Journal Entries from Sara Grady, Who is Studying Horseshoe Crabs
on Cape Cod
Sara Grady is pursuing her doctorate at the Boston University Marine Program in Woods Hole, MA. For the past two years, she has studied horseshoe crabs on Cape Cod. This summer, Sara will be conducting surveys of two estuaries in the Cape Cod region — Barnstable Harbor and Stage Harbor — as well as a fecundity study in Pleasant Bay and the aforementioned estuaries. She will try to update this journal every week.
BY Sara Grady
Field work always requires much more preparation than you realize, usually because obstacles seem to arise with every effort. I spent most of this week preparing for the second part of my study, the surveys of Barnstable and Stage Harbors. The research plan involves gridding out the estuaries with points spaced evenly, 500 meters apart. At each point I stretch out a transect tape (essentially a huge measuring tape) and search one meter to either side for 100 meters. Then, I rake the same 2 meters by 100 meters swath to unbury any crabs that are hiding in the sediment. All crabs found are placed into the “crab basket,” which consists of a laundry basket that sits inside a life ring, which is attached to a rope that gets secured around my waist. By the end of the summer my legs get very strong from spending multiple days a week walking through waist-deep water dragging a tub full of crabs. The collected crabs are then measured along the widest part of their prosoma. Horseshoe crabs have three sections: the prosoma is in front and is curved like a horseshoe, hence the name; the triangular part in the back is called the opisthosoma; and, finally, the “tail” that frightens the uninformed is called the telson. As I regularly tell children on the beach, it’s not a stinger, and they’re certainly not trying to stab you in the foot.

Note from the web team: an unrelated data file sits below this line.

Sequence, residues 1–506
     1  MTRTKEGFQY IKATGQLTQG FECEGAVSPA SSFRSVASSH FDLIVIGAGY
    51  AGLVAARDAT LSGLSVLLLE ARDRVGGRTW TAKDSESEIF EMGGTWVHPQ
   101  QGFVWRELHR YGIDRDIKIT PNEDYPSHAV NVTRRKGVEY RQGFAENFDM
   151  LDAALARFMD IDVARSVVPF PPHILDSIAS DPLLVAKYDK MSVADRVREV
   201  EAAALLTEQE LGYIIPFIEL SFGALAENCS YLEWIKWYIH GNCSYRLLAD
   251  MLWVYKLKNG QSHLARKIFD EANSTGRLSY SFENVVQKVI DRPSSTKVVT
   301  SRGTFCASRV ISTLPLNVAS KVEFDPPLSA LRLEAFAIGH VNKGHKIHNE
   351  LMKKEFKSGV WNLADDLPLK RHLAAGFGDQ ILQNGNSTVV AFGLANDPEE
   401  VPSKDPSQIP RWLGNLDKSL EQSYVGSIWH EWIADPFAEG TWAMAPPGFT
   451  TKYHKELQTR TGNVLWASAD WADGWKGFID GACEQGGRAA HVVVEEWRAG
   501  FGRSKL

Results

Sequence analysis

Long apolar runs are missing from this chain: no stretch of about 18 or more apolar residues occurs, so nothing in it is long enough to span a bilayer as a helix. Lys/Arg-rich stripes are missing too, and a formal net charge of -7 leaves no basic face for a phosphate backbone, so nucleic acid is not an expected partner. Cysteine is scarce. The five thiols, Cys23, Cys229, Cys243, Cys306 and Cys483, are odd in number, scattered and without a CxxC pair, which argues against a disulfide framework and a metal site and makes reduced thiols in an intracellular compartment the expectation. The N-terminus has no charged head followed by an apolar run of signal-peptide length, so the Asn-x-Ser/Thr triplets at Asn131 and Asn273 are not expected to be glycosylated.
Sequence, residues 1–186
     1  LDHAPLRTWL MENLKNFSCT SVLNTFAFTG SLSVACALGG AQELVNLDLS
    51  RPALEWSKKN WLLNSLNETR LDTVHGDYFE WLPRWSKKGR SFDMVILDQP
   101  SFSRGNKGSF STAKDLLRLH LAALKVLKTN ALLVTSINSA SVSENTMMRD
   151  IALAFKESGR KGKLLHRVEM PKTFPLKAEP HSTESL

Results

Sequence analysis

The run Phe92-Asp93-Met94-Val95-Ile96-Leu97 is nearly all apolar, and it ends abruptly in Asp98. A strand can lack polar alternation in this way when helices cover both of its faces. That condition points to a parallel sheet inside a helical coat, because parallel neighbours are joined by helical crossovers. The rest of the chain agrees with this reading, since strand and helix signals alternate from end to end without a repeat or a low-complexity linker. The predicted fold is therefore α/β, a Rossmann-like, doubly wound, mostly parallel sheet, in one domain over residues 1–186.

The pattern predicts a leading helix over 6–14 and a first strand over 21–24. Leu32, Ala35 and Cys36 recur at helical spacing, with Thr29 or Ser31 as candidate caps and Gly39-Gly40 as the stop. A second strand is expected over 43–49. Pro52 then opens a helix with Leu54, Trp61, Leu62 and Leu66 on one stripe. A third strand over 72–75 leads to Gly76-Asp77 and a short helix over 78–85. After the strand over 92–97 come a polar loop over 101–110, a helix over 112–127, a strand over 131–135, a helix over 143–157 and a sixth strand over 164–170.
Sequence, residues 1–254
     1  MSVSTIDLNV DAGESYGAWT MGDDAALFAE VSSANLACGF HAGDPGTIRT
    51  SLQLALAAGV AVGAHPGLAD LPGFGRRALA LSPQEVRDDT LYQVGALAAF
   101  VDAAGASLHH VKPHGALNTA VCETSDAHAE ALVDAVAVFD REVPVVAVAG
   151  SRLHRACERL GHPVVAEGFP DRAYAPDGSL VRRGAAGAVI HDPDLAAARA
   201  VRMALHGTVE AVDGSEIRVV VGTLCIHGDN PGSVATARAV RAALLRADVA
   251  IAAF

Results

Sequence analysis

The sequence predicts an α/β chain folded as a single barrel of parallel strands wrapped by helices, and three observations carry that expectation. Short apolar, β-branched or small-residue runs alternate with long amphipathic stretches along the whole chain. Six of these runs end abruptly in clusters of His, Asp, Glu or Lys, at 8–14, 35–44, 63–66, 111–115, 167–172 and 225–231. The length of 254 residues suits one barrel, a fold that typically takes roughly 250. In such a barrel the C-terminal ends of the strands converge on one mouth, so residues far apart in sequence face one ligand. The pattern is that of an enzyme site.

Anyway, before the wading and measuring could happen, I had to get the aluminum boat back into shape. We call our three feeble but hardy boats “the aluminum boat,” “the skiff,” and “the Bluefin.” I wish my labmates were more creative with these sorts of things… isn’t it bad luck to leave a boat nameless? Anyway, I was assigned the aluminum boat because it is the only boat that can travel to other estuaries via trailer without upsetting anyone. The other two boats stay in a single estuary, Waquoit Bay, as an unspoken rule.
The aluminum boat was being kept under a tarp at the estuarine reserve, and nobody knew who had used it last, or even when it had been used last. It sat in a row of other boats under the trees, next to what I assume was some sort of garage. Kicking the trailer tires and finding them to be in good shape, I was feeling good about the boat, and it inspired images of myself at the stern, tan and smelling of sunscreen, cruising across sparkling bays. I sliced through the various pieces of twine and rope that had successfully held the tarp down through quite a few nor’easters and uncovered… carpet. The boat was carpeted. It wasn’t even the AstroTurf sort of carpeting one might put in a mud room, but some sort of small berber, the kind that tends to be found in people’s basements. Of course, it’s a boat, so it regularly gets wet, thus making carpet perhaps the stupidest thing to put inside it. The carpet was not only moldy and covered with some algae, it had plants growing in it — little clovers and grasses.
Truthfully, I wasn’t all that concerned about the carpet. Once enough salt water gets on it, all the plants will die, the sun will take care of the mold, and enough sand will be ground in to abrade it clean. What I cared about was having a functional boat. Quite a few spiders crawled out of the engine when I uncovered it, and I had no idea if it would run. It is water cooled, so it needs to at least be partially submerged. It would be a huge pain to put it in the estuary, and have it leak. Brendan, a fellow graduate student, and I dragged a trash can over to the engine, filled it with water, and hoped for the best. It didn’t sputter, cough, hack, or do anything that engines do before they miraculously spring to life. We tried over and over, pushing buttons that didn’t seem to do anything, pulling harder and harder on the cord. The flywheel spun with the pull cord, and that was pretty much it. There wasn’t much more we could do, so we dropped it off at “The Boat Guy” (the actual name of the boat repair place), and I prepared for the possibility that I might have to drive to beaches and marinas in order to access my sites. I need to buy myself a new street map, since the one I used last year is salt-encrusted and missing pages.
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